Fashion Sense

Fashion Sense


Designer Brenda Lee Asp talks about the territory's beauty

This story originally ran in the Spring 2014 (V8I1) edition of Yukon, North of Ordinary.

Name: Brenda Lee Asp

Place of Residence: Haines Junction

Occupation: Fashion designer; graphic and print designer

How long have you lived in the Yukon? My whole life.

What brought you here? Birth! I have left the Yukon at times for training opportunities but always came back.

What keeps you here? My family and the crisp morning air.


Settle the debate for us: What makes someone a “real” Yukoner? Most Yukoners can drive a dogsled or snowmobile better than a vehicle. But I think a real Yukoner is someone who prefers the snow to the rain, prefers the cold to the heat, and enjoys the freedom of living in this beautiful, vast country.

What’s the biggest tall tale you’ve told friends or family in the South about life in the North? No tall tales to tell—only wonderful experiences to share.

How do you get your friends or family in the South to come visit? Remind them of all the delicious food we get from the land here—fish, animals, and berries.

Who is your favourite Yukon character of all time? My Dad. He is honest and hardworking and tells it like it is. He’s a strong role model for me. I am grateful to have such a wonderful example of how to embrace life.

I wouldn’t change ____ for all the gold in the Klondike. My family.

What’s the best meal you’ve ever had in the territory? Seasoned pork ribs cooked over an open campfire—delicious wood smoke, mouthwatering flavour!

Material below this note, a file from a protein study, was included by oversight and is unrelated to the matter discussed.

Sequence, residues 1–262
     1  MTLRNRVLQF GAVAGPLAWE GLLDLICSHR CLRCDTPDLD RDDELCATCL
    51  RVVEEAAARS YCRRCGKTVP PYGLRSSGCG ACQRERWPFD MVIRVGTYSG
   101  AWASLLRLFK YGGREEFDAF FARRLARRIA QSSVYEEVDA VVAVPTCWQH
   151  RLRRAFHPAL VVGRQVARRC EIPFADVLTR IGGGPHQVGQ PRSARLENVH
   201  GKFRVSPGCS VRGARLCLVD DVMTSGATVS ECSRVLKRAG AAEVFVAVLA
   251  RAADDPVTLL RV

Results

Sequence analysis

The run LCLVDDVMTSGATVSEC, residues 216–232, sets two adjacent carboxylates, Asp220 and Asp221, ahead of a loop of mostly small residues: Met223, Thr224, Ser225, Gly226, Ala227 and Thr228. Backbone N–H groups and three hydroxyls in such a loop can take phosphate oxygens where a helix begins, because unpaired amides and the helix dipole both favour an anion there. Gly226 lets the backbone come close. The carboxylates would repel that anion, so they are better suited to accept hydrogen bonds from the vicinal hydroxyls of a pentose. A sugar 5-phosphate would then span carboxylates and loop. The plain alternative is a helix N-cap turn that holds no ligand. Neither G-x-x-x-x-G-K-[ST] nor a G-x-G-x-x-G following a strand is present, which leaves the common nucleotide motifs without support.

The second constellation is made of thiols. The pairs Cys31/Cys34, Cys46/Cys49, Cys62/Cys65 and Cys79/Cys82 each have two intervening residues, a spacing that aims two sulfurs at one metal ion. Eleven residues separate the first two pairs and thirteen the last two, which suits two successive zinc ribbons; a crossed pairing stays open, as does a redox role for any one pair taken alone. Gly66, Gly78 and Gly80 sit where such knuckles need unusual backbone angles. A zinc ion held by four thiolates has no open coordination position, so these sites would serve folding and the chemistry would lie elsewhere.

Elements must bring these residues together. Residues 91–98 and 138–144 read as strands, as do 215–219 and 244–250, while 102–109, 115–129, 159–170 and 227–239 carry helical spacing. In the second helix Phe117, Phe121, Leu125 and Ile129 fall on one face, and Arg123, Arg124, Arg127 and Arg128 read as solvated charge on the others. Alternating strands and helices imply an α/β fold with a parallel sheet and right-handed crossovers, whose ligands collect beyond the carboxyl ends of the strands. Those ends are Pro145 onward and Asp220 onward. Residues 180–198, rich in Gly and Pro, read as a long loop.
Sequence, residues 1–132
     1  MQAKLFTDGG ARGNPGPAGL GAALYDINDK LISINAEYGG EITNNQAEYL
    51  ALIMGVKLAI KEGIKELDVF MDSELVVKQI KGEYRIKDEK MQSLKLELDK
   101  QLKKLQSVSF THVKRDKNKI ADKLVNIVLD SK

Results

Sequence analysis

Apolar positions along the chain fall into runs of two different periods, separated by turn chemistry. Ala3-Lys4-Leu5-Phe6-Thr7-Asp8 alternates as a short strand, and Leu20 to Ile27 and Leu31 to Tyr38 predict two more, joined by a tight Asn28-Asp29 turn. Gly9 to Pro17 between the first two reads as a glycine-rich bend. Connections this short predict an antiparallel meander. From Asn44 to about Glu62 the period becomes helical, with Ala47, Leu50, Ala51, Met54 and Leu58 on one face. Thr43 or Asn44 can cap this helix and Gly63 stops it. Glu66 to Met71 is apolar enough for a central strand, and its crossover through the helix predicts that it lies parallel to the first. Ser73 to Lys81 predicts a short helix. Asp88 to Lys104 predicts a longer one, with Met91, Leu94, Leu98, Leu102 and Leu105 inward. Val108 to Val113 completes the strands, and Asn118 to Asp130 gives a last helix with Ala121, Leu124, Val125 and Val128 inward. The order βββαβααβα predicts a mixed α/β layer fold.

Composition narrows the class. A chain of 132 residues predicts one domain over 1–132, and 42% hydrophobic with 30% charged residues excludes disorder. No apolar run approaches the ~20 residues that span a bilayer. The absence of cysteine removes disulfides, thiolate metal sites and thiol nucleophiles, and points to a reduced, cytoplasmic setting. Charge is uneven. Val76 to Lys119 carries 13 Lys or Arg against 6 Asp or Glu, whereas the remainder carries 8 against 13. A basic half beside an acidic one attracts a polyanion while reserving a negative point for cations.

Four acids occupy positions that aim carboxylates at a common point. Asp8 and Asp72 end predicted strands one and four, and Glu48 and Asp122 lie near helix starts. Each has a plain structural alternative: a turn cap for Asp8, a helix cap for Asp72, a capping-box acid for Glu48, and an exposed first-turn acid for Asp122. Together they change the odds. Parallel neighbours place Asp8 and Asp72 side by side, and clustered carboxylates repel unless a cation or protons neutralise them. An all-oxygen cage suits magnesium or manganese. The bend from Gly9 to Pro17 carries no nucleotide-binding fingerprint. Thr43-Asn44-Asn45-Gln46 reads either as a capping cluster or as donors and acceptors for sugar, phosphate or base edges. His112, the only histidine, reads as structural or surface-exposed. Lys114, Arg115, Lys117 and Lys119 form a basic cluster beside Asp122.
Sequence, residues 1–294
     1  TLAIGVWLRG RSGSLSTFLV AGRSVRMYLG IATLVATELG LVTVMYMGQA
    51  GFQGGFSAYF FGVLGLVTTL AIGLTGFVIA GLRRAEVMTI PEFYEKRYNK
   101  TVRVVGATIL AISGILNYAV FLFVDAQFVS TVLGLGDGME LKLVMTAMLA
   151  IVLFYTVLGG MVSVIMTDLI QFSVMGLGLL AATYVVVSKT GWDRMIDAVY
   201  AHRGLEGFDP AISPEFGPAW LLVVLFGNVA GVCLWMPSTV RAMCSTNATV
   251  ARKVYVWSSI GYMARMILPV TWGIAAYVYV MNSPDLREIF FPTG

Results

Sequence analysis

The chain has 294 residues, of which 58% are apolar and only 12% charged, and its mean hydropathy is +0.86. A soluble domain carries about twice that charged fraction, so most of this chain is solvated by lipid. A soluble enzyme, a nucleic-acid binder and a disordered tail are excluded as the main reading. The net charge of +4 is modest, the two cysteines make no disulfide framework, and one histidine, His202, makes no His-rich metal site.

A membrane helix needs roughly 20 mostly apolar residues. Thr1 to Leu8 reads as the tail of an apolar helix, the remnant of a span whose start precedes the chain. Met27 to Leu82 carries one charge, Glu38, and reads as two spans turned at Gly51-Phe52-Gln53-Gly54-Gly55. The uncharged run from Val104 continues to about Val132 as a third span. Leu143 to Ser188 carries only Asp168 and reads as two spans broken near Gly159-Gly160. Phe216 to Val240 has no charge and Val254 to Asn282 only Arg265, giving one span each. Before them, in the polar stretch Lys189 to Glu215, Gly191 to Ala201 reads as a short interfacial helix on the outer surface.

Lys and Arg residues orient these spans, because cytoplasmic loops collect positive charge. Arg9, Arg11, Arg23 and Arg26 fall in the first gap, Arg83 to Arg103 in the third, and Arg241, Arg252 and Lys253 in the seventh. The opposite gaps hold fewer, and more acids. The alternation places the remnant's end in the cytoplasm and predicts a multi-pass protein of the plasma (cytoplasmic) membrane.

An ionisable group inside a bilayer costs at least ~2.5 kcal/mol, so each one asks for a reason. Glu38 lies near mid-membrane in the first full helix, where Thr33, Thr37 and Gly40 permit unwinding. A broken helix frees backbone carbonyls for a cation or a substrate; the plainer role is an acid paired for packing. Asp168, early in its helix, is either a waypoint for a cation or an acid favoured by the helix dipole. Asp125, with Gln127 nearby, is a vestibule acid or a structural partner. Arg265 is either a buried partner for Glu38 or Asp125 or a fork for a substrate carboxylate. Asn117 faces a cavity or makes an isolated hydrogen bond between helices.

What’s one thing about the Yukon that more of us should take advantage of? Being a tourist in your own backyard. We should learn as much as we can about the people who helped make the Yukon what it is today—the veterans and what they stood for; the prospectors that came and never left; and the First Nations people that have called this home for thousands of years and the impacts, everything from war to the gold rush, have had on them.

What’s your favourite piece of little known Yukon trivia? What is the coldest temperature ever recorded in Canada? On Feb. 3, 1947, at the Yukon’s Snag airport, the temperature dropped to -63°C (-81°F). That’s the coldest day on record in North America. Reports say water tossed in the air froze into pellets before hitting the ground. This is where my family originates from on my mother’s side. It must have been so cold to live there!

What do you wish more Canadians knew about life here? The Yukon is the most beautiful part of this country; it’s majestic.

Where is your favourite place in the territory? When I was young, I loved to go to the Takhini Hot Springs. Today, I love spending time camping with my family, enjoying campfire-cooked meals and the peacefulness in any of the many Yukon wilderness areas.

What’s the best up-close-and-personal encounter you’ve had with the local wildlife? Viewing the Hairy Leg Contest during the Yukon Sourdough Rendezvous Festival! Those women would beat any man in that competition, hands down.

You’re on the phone to a friend from the Outside. No one from the government is listening. Do you say “Yukon” or “The Yukon”? Yukon.

When the cold and dark gets to you, where do you go to recharge? Takhini Hot Springs.

Dog mushing or snowmobiling? Snowmobiling.

How cold is too cold? 60 below.

What author, musician, band, or artist from the territory do you think should be more famous? That artist Norma McBean! She turned 90 years old on Oct. 30, 2013. As a child, I remember her painting beautiful Yukon landscapes on gold pans of all sizes. I used to collect the little magnet gold pans she painted.

You’ve just won a huge jackpot at Diamond Tooth Gerties Casino, and you have 24 hours to spend it in the Yukon. Where are you headed? To put a down payment on a motherlode gold mine.

Finally, what does “The Spell of the Yukon” mean to you personally? Mesmerizing beauty! The Land of the Midnight Sun! We are so blessed to live in such a beautiful place. That’s why we stay. Y

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